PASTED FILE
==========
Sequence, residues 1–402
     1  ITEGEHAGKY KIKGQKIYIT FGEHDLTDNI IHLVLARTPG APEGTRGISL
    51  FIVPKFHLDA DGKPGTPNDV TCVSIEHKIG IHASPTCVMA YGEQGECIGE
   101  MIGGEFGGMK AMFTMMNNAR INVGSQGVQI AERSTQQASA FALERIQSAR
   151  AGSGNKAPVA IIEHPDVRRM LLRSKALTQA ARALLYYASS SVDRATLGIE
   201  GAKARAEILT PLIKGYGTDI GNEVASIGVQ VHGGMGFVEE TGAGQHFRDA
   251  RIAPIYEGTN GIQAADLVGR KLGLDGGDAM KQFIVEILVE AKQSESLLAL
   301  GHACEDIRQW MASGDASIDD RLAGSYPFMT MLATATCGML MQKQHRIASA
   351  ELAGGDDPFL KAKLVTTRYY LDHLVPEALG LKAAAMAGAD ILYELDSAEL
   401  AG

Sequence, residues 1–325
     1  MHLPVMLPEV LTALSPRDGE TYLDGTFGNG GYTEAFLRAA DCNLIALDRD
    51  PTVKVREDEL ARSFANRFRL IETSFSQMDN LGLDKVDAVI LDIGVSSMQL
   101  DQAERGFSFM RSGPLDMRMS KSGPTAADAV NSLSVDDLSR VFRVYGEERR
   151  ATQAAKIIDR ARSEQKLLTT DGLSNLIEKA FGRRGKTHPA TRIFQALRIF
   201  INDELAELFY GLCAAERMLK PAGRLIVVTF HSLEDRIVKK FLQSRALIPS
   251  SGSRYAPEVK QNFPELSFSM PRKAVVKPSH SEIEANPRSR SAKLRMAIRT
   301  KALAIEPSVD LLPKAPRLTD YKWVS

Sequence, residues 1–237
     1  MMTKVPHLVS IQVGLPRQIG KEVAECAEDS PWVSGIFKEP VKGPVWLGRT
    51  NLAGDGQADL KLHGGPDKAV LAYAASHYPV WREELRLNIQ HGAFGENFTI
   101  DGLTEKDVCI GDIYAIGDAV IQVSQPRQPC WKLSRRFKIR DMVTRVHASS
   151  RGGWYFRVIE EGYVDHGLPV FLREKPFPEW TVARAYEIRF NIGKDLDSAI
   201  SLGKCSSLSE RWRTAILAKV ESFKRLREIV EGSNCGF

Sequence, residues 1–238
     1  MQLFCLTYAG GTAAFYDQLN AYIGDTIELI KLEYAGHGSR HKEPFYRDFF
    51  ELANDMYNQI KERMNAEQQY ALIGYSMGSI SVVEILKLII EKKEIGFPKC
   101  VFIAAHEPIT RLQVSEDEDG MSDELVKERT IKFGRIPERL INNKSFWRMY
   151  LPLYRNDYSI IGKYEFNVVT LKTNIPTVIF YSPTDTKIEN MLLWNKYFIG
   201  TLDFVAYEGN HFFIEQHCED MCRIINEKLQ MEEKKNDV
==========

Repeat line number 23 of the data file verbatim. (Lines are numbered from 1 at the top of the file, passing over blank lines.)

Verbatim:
   151  RGGWYFRVIE EGYVDHGLPV FLREKPFPEW TVARAYEIRF NIGKDLDSAI